For example, he recalls a ward sister in tears after all ward managers were asked to order extra water jugs to ensure patients still had access to water when one set of jugs was washed.

“Management had been preventing staff from ordering clinical supplies. By the time I got here they didn’t know how to do it,” he explained.

Mr Ovington said the new national nursing strategy for England – Compassion in Practice – which sets out the 6Cs which all nurses should embody – care, compassion, courage, commitment, communication and competence –

get to the “nub” of some of the things that went wrong at Stafford by getting back to the basics of nursing care.

“Nurses around the country tell me elements of what happened here happened elsewhere. The difference here is that it all happened in one place in a period of time,” he said.

“It’s important that nurses understand what went on here to try and prevent it from happening where they work,” he added.

In total 55 nurses who worked at Mid Staffs during the period the inquiry focused on – 2005 to 2009 – have been investigated by the Nursing and Midwifery Council. Most cases are still ongoing, including that of Jan Harry, who was nursing director through most of the period under consideration. No nurses have yet been struck off.

Mr Francis will also examine the fitness to practise functions of professional regulatory bodies, including the NMC. He is expected to criticise the existing system, which the inquiry heard made it difficult to dismiss poorly performing doctors and nurses.

Many point out that the system the inquiry was set up to examine has changed drastically in the past two years following the introduction of the 2012 Health and Social Care Act. However, Mr Francis is likely to focus his recommendations on cultural change rather than structural reorganisation.

Even before the publication of the report, the inquiry is having an impact in Westminster. During recent months the government has announced a number of initiatives, which appear to anticipate Mr Francis’ recommendations. The national roll out of the “friends and family” test, for example, reflects Mr Francis’ commitment to consider how patient voice could be embedded in the system.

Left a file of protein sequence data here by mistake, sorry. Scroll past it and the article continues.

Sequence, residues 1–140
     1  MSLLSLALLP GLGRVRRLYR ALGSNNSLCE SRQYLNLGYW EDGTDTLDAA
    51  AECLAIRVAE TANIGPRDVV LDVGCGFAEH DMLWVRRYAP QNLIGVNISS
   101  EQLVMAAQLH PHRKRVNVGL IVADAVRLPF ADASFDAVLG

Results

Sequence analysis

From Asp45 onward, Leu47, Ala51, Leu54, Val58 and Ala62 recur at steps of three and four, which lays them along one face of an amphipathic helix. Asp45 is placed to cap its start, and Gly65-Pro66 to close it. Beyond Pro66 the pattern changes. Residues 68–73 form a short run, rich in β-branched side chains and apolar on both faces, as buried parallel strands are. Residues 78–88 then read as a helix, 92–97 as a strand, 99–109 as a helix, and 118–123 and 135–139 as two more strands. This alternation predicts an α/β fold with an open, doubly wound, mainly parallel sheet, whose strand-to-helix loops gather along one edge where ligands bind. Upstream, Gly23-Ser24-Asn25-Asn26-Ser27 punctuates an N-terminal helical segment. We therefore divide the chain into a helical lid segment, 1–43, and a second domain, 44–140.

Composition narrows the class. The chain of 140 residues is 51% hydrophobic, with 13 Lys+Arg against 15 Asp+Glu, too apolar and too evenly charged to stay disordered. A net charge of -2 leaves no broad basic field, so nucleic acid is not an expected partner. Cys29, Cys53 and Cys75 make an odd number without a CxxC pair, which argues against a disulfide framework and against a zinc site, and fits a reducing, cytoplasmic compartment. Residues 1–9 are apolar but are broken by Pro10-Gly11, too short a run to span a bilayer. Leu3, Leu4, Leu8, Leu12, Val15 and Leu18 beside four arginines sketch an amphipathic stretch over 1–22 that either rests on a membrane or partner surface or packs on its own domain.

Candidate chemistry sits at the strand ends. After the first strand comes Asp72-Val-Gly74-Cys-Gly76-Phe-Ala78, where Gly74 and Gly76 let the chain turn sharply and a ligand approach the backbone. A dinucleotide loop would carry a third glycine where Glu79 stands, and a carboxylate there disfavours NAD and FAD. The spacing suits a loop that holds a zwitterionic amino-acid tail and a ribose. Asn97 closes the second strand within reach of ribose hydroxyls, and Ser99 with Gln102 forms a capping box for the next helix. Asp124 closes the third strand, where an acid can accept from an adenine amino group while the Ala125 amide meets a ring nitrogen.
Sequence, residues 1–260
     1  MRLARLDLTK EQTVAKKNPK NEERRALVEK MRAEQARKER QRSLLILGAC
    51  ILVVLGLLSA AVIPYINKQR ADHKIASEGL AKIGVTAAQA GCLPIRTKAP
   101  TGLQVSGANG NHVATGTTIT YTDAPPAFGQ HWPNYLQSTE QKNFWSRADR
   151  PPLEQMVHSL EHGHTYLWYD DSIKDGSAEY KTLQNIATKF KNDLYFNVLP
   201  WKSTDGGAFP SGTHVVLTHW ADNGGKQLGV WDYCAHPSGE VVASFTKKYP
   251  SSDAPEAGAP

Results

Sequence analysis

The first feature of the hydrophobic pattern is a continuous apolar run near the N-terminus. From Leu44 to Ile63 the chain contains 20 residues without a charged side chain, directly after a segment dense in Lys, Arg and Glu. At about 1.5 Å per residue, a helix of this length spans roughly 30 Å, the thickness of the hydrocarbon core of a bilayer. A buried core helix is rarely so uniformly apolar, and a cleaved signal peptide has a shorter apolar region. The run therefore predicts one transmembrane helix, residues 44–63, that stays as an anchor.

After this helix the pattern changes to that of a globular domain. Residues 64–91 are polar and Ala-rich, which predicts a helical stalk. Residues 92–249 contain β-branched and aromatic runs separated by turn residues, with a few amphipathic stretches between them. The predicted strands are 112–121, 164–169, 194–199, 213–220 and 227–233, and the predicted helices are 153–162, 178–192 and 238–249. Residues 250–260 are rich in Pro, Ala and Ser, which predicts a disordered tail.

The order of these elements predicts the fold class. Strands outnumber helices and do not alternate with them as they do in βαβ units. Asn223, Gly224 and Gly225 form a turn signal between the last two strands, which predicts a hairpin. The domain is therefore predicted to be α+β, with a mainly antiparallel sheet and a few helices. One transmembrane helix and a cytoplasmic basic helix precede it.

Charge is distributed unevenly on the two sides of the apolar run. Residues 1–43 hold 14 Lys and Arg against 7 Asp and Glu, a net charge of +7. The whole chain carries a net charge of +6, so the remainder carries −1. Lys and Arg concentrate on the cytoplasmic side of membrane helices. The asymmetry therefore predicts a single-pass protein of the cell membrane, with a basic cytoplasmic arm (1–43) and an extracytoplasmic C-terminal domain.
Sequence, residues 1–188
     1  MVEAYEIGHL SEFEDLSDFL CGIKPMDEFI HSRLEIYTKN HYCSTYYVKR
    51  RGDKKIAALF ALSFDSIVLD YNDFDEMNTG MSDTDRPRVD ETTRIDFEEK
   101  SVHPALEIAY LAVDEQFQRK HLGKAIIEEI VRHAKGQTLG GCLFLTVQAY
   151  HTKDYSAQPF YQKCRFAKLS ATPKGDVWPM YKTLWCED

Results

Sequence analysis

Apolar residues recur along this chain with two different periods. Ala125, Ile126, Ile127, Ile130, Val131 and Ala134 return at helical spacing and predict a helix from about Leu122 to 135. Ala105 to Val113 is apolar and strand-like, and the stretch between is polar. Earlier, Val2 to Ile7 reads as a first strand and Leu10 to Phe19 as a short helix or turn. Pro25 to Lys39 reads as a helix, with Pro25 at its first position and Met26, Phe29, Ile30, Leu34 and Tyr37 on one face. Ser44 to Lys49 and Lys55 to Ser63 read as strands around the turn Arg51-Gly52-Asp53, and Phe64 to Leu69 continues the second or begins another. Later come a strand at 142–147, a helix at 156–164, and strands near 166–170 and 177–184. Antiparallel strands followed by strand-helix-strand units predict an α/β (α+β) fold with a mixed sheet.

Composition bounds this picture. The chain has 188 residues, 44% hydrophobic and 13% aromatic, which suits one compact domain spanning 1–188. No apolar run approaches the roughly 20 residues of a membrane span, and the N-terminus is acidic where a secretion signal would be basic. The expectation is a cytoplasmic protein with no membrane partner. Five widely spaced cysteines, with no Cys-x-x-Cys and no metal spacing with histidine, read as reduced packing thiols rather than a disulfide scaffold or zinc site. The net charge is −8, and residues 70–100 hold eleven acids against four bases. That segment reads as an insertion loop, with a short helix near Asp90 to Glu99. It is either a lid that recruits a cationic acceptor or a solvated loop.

In addition, a commitment from new national training body Health Education England to increase the focus on values when recruiting undergraduate nurses is an attempt to address some of the perceived cultural issues.

Like many, Professor Maben questions whether prime minister David Cameron would have set up the Nursing and Care Quality Forum without the impetus of the Francis report.

The forum’s chair, Sally Brearley, told Nursing Times it was important to note the profession had not been “standing back” waiting for the Francis report but was already moving to address the issues. 

“I hope that immediately it is published, there won’t be a knee jerk reaction – a rush to “do something, anything” – to show we have responded.  Any proposals for change need to be tested against evidence that they will work.” 

Whatever criticisms and recommendations are contained in the Francis report this week, they are likely to impact on nursing at every level and in every setting, and therefore cannot be ignored.


What is the Francis report?

The Mid Staffordshire Foundation Trust public inquiry was held between November 2010 and December 2011.

Barrister Robert Francis QC chaired the inquiry into how serious care failings were allowed to occur at the trust between January 2005 and March 2009, and why none of the organisations responsible for regulating or managing the trust intervened sooner.

The findings from the inquiry are due to be published on 6 February in a document widely referred to as the “Francis report”.

It will be Mr Francis’ second report into what happened at the trust. The first was based on an independent inquiry, held behind closed doors, which was published in February 2010.


Why does the inquiry matter to nursing?

One of the key areas under scrutiny from the inquiry was poor nursing care at Mid Staffordshire Foundation Trust. However, the scope of the public inquiry extends well beyond the actions of the nurses at the trust itself.

The Francis report will look at how the set-up of the entire health and social care system in England can help or hinder nurses and other staff to deliver good care. It will also focus on the culture of the NHS and the impact that has on the ability of staff to raise concerns.

Do you want to keep up to date with the latest from the Francis Report into the Mid Staffordshire Foundation Trust? Visit our tailored Francis Report channel with the latest rolling news and analysis


Readers' comments (9)

  • tinkerbell